New research indicates that giving patients a continuous low dose of an immune system booster, a method known as metronomic dosing, as part of a therapeutic prostate cancer vaccine strategy is safe and produces similar immune responses and fewer side effects than the more common dosing method, which is not well tolerated by many patients.
This study, led by researchers at that National Cancer Institute (NCI), part of the National Institutes of Health, was published in the August 15, 2008, issue of Clinical Cancer Research.
The vaccine used in this study is designed to stimulate an immune response against prostate-specific antigen (PSA), a protein produced by the prostate that is often found at elevated levels in the blood of men who have prostate cancer and some non-cancerous prostate conditions. In the study, researchers examined the side effects and immune responses of patients treated with a three-pronged approach: the vaccine, radiation therapy, and an alternative dosing regimen of an immune system booster, interleukin-2 (IL-2). The patients all had localized prostate cancer, had not undergone surgery to remove the prostate, and were candidates for radiation therapy as their primary form of treatment.
"Developing an alternative method of administering vaccine therapy that is well tolerated by most patients and produces similar immune responses to standard methods may help further the development of vaccine therapies for prostate cancer," said James L. Gulley, M.D., Ph.D., of NCI's Center for Cancer Research.
Therapeutic cancer vaccines are designed to treat cancer by stimulating the immune system to attack tumor cells without harming normal cells. Several proteins, including PSA, are overexpressed, or produced in excess amounts, by cancer cells and have shown potential to serve as triggers in initiating immune responses. These findings have led to the development of cancer vaccines that target these proteins. The proteins are also known as tumor-associated antigens. To heighten the body's natural defenses, immune system boosters, such as IL-2, are often given with the vaccines. IL-2 administration, however, is frequently associated with substantial side effects, including fatigue and high blood sugar.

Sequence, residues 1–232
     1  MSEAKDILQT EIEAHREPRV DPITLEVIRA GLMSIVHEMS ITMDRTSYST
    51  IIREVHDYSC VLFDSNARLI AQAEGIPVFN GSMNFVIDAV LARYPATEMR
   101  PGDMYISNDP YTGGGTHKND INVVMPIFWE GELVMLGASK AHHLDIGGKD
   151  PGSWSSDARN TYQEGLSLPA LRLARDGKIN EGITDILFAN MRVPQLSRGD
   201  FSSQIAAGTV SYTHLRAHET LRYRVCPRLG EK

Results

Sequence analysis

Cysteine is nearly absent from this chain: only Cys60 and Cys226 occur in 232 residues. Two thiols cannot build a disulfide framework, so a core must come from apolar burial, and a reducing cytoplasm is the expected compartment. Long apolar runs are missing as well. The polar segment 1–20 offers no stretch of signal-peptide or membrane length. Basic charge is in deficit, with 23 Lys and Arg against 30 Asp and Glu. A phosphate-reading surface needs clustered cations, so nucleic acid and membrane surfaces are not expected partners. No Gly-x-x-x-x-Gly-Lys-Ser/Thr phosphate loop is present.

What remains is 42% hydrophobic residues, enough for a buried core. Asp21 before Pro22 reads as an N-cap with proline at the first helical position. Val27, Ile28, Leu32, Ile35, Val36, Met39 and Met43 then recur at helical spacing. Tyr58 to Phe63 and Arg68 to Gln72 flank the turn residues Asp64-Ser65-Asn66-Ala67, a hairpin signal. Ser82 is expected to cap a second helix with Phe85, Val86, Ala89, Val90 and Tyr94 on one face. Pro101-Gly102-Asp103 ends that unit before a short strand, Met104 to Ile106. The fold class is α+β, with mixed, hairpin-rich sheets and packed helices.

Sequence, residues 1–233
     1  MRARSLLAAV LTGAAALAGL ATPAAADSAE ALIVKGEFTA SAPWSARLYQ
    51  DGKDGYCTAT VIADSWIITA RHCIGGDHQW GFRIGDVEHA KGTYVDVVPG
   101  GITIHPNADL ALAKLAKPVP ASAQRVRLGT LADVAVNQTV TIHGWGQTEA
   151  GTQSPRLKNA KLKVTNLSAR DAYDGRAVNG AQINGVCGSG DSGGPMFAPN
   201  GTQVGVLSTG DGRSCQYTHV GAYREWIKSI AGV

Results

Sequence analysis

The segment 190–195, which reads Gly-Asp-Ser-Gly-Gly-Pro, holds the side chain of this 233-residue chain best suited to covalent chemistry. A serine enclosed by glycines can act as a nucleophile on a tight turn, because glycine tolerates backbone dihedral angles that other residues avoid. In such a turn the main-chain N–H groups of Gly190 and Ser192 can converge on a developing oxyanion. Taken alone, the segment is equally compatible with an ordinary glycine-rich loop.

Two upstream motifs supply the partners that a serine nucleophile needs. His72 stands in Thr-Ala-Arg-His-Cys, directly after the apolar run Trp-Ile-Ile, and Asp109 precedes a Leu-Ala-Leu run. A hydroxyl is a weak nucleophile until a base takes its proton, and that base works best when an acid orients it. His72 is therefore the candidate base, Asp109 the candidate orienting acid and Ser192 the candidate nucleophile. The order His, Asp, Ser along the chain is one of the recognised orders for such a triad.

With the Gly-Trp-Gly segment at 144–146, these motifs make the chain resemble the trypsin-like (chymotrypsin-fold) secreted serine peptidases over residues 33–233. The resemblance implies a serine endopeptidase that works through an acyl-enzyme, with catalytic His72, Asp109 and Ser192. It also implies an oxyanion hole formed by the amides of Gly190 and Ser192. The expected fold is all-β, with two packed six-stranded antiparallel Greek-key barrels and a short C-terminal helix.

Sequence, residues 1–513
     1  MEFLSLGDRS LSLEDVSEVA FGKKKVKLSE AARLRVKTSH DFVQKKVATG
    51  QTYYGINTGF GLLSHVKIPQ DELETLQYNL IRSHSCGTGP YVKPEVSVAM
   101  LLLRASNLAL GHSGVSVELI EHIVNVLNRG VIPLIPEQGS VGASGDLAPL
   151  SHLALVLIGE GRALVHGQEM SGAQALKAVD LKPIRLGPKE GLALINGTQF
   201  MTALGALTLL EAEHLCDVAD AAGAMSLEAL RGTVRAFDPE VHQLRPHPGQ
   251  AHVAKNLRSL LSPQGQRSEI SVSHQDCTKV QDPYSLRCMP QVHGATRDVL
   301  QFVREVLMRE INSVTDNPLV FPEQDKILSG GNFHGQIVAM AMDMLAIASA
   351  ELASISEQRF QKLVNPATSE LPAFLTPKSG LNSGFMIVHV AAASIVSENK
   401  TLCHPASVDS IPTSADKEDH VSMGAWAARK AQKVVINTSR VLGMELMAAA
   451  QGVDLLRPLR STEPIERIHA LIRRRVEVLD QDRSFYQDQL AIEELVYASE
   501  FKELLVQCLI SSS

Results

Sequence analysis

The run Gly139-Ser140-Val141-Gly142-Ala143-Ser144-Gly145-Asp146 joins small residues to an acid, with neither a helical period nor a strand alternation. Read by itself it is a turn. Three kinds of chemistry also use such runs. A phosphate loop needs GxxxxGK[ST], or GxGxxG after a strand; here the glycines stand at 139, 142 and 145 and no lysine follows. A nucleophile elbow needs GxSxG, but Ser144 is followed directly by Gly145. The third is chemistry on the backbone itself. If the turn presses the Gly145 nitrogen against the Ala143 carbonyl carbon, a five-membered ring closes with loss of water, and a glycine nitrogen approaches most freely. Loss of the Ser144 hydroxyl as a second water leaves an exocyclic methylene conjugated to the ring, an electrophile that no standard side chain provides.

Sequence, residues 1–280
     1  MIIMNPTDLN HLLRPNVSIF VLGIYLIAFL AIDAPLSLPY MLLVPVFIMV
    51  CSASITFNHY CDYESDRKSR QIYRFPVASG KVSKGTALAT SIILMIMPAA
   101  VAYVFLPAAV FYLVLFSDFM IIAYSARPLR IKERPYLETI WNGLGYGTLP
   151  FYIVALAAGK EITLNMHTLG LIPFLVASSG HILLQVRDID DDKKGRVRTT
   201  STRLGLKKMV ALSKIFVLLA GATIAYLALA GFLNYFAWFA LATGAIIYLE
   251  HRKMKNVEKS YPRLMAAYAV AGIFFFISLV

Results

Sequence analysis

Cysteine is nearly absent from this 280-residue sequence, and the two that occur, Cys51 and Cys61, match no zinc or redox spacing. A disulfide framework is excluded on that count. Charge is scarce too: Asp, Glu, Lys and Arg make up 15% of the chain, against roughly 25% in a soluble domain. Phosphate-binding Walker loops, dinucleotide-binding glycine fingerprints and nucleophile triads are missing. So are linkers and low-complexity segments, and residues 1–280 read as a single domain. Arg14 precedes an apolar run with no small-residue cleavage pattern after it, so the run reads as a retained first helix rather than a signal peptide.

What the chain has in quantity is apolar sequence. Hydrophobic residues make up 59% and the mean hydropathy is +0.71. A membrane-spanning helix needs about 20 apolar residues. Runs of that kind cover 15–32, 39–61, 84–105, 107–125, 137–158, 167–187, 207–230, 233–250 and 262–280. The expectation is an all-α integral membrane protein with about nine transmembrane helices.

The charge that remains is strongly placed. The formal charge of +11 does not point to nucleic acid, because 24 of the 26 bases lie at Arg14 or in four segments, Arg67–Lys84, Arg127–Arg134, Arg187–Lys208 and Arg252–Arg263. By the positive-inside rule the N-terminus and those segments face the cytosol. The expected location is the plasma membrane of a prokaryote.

In a previous study involving the same prostate cancer vaccine, IL-2 was given to 19 patients daily for five days during each 28-day vaccine treatment cycle, and a large majority of the patients had to have the dose of IL-2 reduced or discontinued, primarily because of fatigue.
In this new study, the researchers sought to decrease the side effects associated with IL-2. To do this, the team treated 18 patients with the vaccine and radiation therapy, but with lower doses of IL-2 given over a longer period of time. The patients received the same total amount of IL-2 as in the previous study, but it was administered in smaller daily doses for 14 days of each 28-day treatment cycle.
With metronomic dosing, less than a quarter of the patients had side effects that required their dose of IL-2 to be reduced.
The research team also found that metronomic dosing of IL-2 produced effects on immune cell populations and immune responses that were similar to those observed previously with the standard dosing method. Five of eight evaluated patients had at least a three-fold increase in immune cells that were directed against PSA. The researchers also noted that, similar to the standard dosing method, metronomic dosing of IL-2 induced immune responses against other prostate cancer antigens in some patients.
"Based on safety and feasibility, metronomic dosing appears to be superior to standard dosing and administration," said Gulley. "More research is needed to evaluate the efficacy of this dosing method in treating prostate cancer."
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